West African peacekeepers in the Liberian capital, Monrovia, opened the city's main bridge on Friday, reconnecting areas that had been divided during a two-month rebel siege. Hungry residents rushed across the bridge to the city's port to buy badly needed food supplies.
An enormous human traffic jam clogged Monrovia's New Bridge on Friday, with tens of thousands of people shoving their way toward both ends of the bridge.
Most of the people moving to and fro are from the government-held downtown area, which for weeks has not had access to food stockpiled in the rebel-held seaport.
Many downtown residents headed home were laden with sacks of rice, cooking oil, and other goods bought from a market near the port.
One resident, who identifies himself only as Opie, says he will finally be able to provide his family a decent meal, after more than a week of eating nothing but potato leaves.
"I'm happy! I'm too happy. I'm overjoyed. Yes!" he exclaimed.
On Thursday, Liberia's main rebel group, called LURD, Liberians United for Reconciliation and Democracy, handed over the port area to U.S. and African officials. At the same time, about 200 U.S. troops arrived in Monrovia to assist Nigerian-led peacekeeping forces, known as ECOMIL, in their efforts to secure the war-ravaged city.
The United Nations World Food Program sent its first ship into Monrovia's port on Friday, since fighting between LURD and forces loyal to the now-exiled leader, Charles Taylor, intensified two months ago.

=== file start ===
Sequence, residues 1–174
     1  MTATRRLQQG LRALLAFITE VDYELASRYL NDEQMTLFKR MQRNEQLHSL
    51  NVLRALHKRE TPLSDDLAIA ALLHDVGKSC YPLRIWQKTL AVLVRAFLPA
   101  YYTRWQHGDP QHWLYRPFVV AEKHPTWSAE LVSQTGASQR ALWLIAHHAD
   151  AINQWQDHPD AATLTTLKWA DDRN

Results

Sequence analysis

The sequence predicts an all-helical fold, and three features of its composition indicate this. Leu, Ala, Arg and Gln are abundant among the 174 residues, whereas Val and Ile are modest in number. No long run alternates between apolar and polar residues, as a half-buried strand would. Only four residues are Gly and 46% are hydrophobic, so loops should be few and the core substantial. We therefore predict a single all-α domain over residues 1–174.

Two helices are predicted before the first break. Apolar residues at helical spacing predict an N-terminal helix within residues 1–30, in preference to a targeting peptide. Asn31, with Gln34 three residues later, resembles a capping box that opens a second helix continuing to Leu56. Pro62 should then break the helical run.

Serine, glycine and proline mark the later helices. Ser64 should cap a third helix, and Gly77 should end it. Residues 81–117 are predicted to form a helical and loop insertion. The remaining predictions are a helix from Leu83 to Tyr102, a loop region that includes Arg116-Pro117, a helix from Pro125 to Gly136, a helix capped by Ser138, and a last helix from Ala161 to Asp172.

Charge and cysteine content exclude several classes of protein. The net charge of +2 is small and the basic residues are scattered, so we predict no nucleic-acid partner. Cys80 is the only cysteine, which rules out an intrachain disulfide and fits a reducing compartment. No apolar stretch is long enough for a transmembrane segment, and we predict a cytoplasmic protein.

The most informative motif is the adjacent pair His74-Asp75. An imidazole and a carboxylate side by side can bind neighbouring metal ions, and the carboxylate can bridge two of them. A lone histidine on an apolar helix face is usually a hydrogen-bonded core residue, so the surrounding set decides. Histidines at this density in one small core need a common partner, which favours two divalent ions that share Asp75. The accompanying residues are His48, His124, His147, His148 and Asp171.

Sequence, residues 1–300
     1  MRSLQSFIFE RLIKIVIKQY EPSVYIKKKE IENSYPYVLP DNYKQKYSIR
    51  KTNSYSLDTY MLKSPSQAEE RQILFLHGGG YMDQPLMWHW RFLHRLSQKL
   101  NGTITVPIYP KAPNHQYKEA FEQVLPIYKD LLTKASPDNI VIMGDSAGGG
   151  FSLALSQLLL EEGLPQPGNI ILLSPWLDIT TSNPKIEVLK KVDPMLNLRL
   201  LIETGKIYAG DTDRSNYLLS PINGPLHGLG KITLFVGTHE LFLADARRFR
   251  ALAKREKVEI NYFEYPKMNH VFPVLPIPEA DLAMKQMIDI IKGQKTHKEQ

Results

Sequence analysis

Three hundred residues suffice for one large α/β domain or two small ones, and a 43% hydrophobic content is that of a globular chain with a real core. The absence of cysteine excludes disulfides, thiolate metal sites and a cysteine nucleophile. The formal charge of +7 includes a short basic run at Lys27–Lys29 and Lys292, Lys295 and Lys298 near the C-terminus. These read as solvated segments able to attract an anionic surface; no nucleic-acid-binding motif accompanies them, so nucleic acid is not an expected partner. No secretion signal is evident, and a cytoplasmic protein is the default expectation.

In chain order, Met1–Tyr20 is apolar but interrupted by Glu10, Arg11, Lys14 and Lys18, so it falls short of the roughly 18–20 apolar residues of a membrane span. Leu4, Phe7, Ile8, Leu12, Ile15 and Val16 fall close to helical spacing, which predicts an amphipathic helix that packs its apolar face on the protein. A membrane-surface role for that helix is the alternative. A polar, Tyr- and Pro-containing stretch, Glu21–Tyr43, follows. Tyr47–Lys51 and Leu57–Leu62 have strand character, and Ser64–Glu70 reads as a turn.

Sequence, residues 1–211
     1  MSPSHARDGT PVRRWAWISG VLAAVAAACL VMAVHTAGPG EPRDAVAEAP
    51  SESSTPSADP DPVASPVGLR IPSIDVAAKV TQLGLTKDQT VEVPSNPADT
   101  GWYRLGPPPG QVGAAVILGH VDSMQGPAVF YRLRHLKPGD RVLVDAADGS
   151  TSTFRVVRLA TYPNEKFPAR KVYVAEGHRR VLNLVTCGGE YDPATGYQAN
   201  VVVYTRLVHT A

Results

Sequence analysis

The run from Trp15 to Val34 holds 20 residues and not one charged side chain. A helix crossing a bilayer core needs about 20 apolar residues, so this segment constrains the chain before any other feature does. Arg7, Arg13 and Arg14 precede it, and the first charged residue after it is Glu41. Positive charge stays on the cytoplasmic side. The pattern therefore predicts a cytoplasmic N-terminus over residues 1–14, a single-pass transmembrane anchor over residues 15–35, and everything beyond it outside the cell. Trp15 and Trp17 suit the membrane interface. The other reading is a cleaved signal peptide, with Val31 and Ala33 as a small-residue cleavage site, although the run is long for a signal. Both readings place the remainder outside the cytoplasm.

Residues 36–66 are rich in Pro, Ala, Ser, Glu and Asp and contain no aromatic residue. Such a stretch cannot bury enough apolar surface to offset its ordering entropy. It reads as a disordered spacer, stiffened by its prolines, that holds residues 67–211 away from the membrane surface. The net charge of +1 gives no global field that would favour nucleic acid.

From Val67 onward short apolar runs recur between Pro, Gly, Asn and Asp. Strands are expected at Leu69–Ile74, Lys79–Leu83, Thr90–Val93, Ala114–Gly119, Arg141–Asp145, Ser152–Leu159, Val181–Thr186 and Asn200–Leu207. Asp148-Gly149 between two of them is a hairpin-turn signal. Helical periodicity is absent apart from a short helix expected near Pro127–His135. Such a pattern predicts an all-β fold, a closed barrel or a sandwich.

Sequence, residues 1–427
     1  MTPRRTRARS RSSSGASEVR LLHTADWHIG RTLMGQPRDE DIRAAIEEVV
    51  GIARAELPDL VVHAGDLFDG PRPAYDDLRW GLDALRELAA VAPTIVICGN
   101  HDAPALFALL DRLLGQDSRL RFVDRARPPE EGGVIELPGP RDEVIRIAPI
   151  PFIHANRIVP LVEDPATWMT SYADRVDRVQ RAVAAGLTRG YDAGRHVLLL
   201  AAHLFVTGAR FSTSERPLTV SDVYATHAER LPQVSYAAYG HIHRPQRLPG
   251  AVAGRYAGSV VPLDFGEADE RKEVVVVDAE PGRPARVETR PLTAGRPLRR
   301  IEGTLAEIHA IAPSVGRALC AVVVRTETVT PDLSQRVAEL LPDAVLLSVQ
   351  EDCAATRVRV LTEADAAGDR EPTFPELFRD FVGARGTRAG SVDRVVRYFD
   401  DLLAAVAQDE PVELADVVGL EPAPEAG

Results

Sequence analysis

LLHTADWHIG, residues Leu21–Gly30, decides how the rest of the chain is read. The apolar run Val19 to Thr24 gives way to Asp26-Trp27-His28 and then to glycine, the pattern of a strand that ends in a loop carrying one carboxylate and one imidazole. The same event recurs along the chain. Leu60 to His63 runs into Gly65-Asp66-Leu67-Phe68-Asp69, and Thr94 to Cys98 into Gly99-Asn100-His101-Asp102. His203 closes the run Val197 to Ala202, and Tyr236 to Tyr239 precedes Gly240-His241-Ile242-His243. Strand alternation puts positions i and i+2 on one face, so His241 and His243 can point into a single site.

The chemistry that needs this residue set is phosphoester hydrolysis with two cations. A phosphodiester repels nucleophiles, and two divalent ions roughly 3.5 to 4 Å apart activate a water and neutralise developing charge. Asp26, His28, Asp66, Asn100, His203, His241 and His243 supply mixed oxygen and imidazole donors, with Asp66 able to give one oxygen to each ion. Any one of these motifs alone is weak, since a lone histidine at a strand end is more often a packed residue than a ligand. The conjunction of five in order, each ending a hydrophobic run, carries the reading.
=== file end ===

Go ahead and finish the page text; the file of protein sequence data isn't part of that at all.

But WFP spokesman Hans Vikoler says the ship is delivering some food, but mainly communications equipment, furniture, and other supplies the agency needs to restart its distribution program.
"This is a supply vessel transformed by WFP into an operational vessel to support initial operations on the ground," he said.
WFP's main warehouse and office near the port were badly damaged by looters earlier this week. Thousands of people ransacked other aid warehouses, and left behind hundreds of empty shipping containers.
Because of the port's vital importance to restoring the humanitarian aid flow, a large team of ECOMIL peacekeepers and U.S. Marines have been deployed to protect it.
Marine spokesman Gunnery Sergeant Mark Bradley says helping ECOMIL soldiers secure the port is one of the main reasons U.S. troops have been sent into Monrovia.
"We have a few engineers on hand to help out with perimeter security, repairing fences and doing whatever we can to lend support to ECOMIL forces, and making sure we have a secure environment for the humanitarian aid to flow into Liberia," he said.
Aid workers say they are working as quickly as they can to be able to receive and distribute large amounts of food. But with so much of their infrastructure destroyed, it is still unclear when the first shipment of aid will reach Liberians.